- The complaints about the start menu going away are just silly. You can still get to everything just fine. I had some trepidations about what appeared to be a mouse-gesture system of moving the mouse to a corner of the screen to get to things (the start screen, search and system shutdown functionality, etc.) But it's the same damn thing I did when clicking on the start button.
                      - The metro interface is very slick, but not at all required. You're not boxed in to that start page (or whatevertheheck they call it.) One click and you have your old desktop back, including the taskbar with pinned icons if you want 'em, etc.)
                      - 8 SEEMS to me to make better use of hardware. It boots fast and runs fast. (I put it on a 2 year old mid-range machine via an 'upgrade' rather than a fresh install. I lost nothing in the move.)
                      - System management applications (control panel applets, task manager, etc.) are a bit cleaner. It's easier to maintain and tougher to break (admittedly anecdotal.)

                      The new metro layout of the office applications does take some getting used to, but I do like them. There is a little lag apparent in the Excel interface. They seem to have added subtle animations here and there that annoy me a bit. I hope I can turn them off. But it's not even so noticeable as to be inconvenient, much less a deal breaker.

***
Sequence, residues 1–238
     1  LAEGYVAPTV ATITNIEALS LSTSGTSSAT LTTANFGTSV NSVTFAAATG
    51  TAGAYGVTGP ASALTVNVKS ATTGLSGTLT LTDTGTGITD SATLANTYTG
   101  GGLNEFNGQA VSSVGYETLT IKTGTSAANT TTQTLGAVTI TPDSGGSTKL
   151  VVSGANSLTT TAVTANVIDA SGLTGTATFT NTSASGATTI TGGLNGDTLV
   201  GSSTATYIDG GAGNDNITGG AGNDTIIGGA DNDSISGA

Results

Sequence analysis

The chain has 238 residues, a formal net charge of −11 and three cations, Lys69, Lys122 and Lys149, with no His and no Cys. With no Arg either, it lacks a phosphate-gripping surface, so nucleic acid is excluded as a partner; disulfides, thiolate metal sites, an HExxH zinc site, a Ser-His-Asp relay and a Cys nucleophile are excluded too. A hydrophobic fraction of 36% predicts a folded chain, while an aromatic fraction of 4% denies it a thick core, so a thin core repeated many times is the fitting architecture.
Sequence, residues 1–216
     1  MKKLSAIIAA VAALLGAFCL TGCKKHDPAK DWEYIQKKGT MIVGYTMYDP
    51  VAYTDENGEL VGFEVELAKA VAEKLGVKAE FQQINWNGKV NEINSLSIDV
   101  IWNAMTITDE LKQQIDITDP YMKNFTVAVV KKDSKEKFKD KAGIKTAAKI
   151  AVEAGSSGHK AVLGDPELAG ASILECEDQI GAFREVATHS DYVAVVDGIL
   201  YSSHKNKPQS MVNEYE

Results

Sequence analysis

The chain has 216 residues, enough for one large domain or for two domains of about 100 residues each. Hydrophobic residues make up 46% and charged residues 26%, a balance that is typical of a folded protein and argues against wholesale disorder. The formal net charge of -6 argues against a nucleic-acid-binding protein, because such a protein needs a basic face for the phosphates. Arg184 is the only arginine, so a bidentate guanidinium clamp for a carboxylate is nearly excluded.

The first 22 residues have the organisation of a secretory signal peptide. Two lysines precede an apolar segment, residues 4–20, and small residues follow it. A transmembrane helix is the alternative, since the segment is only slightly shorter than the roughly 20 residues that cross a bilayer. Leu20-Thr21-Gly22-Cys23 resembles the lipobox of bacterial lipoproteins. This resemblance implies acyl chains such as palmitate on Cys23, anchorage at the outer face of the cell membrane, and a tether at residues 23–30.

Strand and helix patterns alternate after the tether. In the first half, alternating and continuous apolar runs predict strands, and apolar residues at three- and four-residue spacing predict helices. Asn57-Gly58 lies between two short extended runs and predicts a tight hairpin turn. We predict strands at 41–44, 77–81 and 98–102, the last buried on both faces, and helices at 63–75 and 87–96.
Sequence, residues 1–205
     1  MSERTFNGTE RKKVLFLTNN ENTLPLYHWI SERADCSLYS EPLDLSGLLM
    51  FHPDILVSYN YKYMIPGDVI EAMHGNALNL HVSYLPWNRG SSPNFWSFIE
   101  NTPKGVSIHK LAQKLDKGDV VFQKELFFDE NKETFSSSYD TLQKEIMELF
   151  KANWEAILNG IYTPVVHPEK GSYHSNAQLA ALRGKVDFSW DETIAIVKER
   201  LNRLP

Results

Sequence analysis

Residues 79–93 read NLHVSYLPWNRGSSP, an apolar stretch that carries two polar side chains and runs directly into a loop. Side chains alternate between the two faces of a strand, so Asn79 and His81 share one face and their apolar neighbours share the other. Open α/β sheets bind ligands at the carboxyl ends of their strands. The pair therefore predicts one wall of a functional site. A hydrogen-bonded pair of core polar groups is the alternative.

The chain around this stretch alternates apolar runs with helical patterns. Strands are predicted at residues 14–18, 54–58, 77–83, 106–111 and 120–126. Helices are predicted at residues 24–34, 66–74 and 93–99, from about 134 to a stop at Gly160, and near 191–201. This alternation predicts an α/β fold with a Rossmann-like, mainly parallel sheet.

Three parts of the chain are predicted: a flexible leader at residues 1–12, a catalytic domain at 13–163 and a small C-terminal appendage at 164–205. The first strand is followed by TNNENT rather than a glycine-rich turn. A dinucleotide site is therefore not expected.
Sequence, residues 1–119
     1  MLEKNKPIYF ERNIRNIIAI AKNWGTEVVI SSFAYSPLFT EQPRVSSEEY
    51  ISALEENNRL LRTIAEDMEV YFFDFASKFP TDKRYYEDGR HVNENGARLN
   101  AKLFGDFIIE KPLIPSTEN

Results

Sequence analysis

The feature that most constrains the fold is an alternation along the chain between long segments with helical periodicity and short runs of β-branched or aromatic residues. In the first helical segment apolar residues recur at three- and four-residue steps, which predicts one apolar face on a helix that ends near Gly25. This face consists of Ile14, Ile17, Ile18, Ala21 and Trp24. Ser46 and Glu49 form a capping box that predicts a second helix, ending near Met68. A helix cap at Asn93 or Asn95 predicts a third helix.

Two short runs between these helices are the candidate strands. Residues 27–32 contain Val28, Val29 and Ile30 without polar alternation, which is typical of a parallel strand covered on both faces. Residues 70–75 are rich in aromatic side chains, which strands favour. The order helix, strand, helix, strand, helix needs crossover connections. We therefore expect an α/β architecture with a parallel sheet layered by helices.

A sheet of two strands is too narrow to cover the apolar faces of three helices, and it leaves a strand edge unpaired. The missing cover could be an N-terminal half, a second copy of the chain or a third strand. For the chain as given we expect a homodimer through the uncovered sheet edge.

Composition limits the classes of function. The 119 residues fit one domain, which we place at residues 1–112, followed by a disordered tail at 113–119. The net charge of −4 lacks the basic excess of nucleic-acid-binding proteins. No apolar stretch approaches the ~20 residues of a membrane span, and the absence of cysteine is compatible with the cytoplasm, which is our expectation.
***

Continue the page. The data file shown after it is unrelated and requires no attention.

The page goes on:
I've been writing software since the mid 70s, and spend upwards of 60-80 hours a week in front of a computer. I just can't find anything to complain about with Windows 8. I wasn't an early adopter and I'm definitely not a rah rah Microsoft guy.

                      Complaining about Windows 8 is the same complaining people were infected with when Windows 95 came out, and when XP, Vista and 7 came out. (Though Vista was pretty wonky.) Different is apparently scary.
                      ----
                      Proud machining permanoob since September 2010

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                      • #12
                        Originally posted by madwilliamflint View Post
                        Roughly and incompletely: